It's easy to start - fire up LinkedIn, and go and recommend someone who impressed you today.
What goes around, comes around.
Would you rather start working with someone you know very little about, or work with someone that you know has delivered the goods for others consistently in the past?
I know what my answer is - what's yours?
How often do you ask for recommendations?
- Can't use them for legal reasons
How often do you give recommendations?
- Can't give them for legal reasons
“92% of respondents reported that a positive recommendation from a friend, family member, or someone they trust is the biggest influence on whether they buy a product or service.”
Paul M Rand
Tip #7: Be human...
Don't tell me you are a results-focused professional. Tell me stories and use natural language...
Be human in your profile.
Tell me about yourself. And talk to me as an individual.
I may be interested in the fact that you like scuba diving and cricket. Then again I may not.
I may have a lifetime of loathing for your football club, but at least I can start a conversation with you a little more easily now that I know you support them, or send you an appropriate message when your team wins or loses.
Your love of horses, funk music or fine wines is something I may not share — but it can certainly be the starting point for a conversation.
When I read your profile, I don't want to just learn about your business, and how ace you are at just that special thing that you do.
I don't want to hear you banging on about being 'focused and results-driven'. Give me a break.
I want to feel I have had the equivalent of a chat over a cup of coffee with you. Or perhaps a drink or two. To get to know you a little.
An important part of the job your LinkedIn Profile has to do is to act as the starting point for a conversation. The more information you give people to talk about, the more chance there is of sparking a conversation.
I'm interested in, for example:
- French, Spanish, Italian and Indian Cooking.
- 20th Century & contemporary literature.
- Catalan history.
- Scottish history.
- Formula 1.
Plenty of topics there to spark a conversation, aren't there? Some safe, some perhaps with the potential for robust debate.
People buy people - don't disappoint them
People buy people, whatever their business is. And if you're not a person people want to buy into, you are making things difficult. For everyone. So talk about yourself, and let people know about your enthusiasms and passions.
Be you. Be interesting, and interested. Be human. Then people will want to connect.
Do you tell stories on your LinkedIn Profile?
Tip #8: Tales of the Unexpected
Are you the dullest person in the world?
Add something a little unexpected in your profile.
Are you the dullest person in the world?
No, I didn't think so.
Do you want to do business with the dullest people on the planet?
No. Neither do I.
So - add the odd twist, touch of humour, a small diversion or excursion to somewhere we didn't expect to go in your LinkedIn Profile.
Is there something unusual you could tell people about on your LinkedIn Profile?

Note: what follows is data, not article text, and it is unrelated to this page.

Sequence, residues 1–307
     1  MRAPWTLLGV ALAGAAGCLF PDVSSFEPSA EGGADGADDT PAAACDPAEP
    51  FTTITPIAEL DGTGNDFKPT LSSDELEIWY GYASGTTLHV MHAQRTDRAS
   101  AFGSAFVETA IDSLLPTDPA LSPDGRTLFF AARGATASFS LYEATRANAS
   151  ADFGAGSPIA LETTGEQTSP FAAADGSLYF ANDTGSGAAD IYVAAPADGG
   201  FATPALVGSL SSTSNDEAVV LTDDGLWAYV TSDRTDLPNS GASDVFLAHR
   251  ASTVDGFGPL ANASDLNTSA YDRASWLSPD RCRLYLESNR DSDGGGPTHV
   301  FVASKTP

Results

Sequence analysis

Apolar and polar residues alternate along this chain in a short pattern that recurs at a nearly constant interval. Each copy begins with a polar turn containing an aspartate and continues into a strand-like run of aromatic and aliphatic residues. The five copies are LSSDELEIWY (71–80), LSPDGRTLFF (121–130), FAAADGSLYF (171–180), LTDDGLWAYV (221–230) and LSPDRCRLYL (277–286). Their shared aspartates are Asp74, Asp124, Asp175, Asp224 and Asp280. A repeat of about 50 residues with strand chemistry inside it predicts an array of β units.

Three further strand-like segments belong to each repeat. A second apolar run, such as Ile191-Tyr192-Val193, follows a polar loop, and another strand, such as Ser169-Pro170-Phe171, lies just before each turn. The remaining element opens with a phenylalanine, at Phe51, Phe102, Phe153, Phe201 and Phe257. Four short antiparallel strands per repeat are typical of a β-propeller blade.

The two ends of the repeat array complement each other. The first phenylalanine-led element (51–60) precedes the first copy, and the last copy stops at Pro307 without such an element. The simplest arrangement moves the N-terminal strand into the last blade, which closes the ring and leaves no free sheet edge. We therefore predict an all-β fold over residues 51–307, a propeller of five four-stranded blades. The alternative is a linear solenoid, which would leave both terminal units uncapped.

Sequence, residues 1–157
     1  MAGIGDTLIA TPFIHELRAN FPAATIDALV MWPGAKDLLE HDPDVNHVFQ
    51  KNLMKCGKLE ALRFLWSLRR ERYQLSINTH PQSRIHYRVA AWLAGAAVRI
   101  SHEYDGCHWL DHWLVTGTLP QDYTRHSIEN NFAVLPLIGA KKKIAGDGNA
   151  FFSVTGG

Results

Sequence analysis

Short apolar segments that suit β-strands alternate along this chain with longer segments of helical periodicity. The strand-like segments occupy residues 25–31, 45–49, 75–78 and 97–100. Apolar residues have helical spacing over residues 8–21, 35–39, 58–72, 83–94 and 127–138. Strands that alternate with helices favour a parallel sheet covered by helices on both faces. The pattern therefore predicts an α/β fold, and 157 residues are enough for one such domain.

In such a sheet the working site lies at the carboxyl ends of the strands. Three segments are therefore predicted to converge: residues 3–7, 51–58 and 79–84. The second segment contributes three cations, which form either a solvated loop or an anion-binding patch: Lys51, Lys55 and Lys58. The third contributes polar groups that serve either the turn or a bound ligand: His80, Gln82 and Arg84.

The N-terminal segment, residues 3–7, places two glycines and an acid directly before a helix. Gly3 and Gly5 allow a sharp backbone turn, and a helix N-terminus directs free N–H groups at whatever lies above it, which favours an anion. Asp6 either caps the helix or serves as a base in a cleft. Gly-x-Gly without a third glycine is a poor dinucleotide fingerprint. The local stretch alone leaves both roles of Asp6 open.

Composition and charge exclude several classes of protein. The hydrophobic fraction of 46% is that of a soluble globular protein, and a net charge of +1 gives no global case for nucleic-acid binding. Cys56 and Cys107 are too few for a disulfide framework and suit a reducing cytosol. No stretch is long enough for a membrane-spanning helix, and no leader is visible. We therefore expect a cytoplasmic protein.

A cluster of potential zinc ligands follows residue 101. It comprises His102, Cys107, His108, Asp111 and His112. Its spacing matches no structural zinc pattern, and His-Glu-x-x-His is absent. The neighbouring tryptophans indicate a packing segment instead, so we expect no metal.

- Oh yes, there is! Now...
- No. I am vanilla.
- Tell us that you learned Russian when you were 12, and once opened the fuselage door of a TU-154 in Saint Petersburg when the ground crew could not.
- You travelled at the age of 16 with an orchestra of teenagers as the orchestra manager and made a photo documentary with over 500 slides and sound recordings. They played to ecstatic audiences in the Salone dei Cinquecento in the Palazzo Vecchio in Florence, and rounded off the Redentore Festival in Venice.
- Tell us that you once put in the two fastest laps of the day when racing against a professional go-kart driver — all the while nursing a brutal hangover.
- You once drove from Edinburgh to Biarritz and back to "run-in" a Mazda MX-5. And played Chemical Brothers very loudly as you drove open-topped around the Arc d' Triomphe several times at midnight, after having dined with Samuel Beckett's publisher.
- That in 1994 you sold a painting for £1800 by a then largely unknown Russian artist to Sir Peter Ustinov after an hour's swapping stories...
Lulu and David Petherick at the Robert the Bruce film World Premiere after-party, June 2019.
These are all things you may not expect, but they are all true, and they are all true of me, David Petherick.
Add something unexpected to your profile. Add something that's not necessarily anything to do with business, but more to do with fun, a story, a wink and a smile.
It's all about starting conversations and sparking human interest.
Let others do beige 'personal blanding'.
Tip #9: Talk to Strangers
Ask peers or connections for feedback when, or before, you update your profile.
Talk to strangers.
Ask for advice when you update your profile
Once you've written a new draft of your profile, try asking someone who does not really know your "business persona" to assess it. Perhaps a family member — or ask a connection on LinkedIn to help by emailing your draft to them.
Is your profile written in the third person?
- Yes, (s)he has written it that way
- No, I write as myself